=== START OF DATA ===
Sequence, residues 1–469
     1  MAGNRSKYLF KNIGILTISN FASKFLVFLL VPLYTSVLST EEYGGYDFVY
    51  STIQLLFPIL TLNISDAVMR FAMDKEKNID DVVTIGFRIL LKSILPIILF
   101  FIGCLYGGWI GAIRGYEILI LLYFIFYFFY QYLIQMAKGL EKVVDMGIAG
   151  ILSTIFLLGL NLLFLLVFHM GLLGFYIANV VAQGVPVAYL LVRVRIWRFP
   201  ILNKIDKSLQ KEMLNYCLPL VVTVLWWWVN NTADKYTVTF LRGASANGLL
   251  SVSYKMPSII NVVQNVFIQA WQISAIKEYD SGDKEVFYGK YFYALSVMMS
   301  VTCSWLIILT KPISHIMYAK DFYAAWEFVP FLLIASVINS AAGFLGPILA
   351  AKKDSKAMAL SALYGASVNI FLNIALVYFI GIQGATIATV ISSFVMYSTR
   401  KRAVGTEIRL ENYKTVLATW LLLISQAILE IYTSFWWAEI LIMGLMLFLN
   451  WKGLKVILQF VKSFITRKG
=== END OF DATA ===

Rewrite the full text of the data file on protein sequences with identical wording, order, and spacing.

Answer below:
Sequence, residues 1–469
     1  MAGNRSKYLF KNIGILTISN FASKFLVFLL VPLYTSVLST EEYGGYDFVY
    51  STIQLLFPIL TLNISDAVMR FAMDKEKNID DVVTIGFRIL LKSILPIILF
   101  FIGCLYGGWI GAIRGYEILI LLYFIFYFFY QYLIQMAKGL EKVVDMGIAG
   151  ILSTIFLLGL NLLFLLVFHM GLLGFYIANV VAQGVPVAYL LVRVRIWRFP
   201  ILNKIDKSLQ KEMLNYCLPL VVTVLWWWVN NTADKYTVTF LRGASANGLL
   251  SVSYKMPSII NVVQNVFIQA WQISAIKEYD SGDKEVFYGK YFYALSVMMS
   301  VTCSWLIILT KPISHIMYAK DFYAAWEFVP FLLIASVINS AAGFLGPILA
   351  AKKDSKAMAL SALYGASVNI FLNIALVYFI GIQGATIATV ISSFVMYSTR
   401  KRAVGTEIRL ENYKTVLATW LLLISQAILE IYTSFWWAEI LIMGLMLFLN
   451  WKGLKVILQF VKSFITRKG